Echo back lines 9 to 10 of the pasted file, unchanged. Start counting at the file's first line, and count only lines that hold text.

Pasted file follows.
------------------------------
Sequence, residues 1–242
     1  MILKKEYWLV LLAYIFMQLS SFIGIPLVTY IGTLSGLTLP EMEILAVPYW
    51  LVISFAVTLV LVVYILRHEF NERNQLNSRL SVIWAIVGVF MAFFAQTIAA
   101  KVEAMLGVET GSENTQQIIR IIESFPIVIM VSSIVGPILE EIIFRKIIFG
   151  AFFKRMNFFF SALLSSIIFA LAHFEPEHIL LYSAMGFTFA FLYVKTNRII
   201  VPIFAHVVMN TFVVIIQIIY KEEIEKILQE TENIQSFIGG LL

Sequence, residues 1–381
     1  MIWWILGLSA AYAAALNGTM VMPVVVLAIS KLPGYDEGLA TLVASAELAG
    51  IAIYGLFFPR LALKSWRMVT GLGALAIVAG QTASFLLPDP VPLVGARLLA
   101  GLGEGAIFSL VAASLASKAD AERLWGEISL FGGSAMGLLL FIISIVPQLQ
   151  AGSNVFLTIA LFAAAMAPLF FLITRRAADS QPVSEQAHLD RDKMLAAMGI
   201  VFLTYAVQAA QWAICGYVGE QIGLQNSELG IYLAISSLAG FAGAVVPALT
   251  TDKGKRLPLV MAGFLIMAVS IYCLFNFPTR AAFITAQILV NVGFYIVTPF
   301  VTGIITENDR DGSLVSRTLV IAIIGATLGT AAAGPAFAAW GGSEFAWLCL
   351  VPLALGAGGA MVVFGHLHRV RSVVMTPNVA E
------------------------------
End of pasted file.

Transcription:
    51  IAIYGLFFPR LALKSWRMVT GLGALAIVAG QTASFLLPDP VPLVGARLLA
   101  GLGEGAIFSL VAASLASKAD AERLWGEISL FGGSAMGLLL FIISIVPQLQ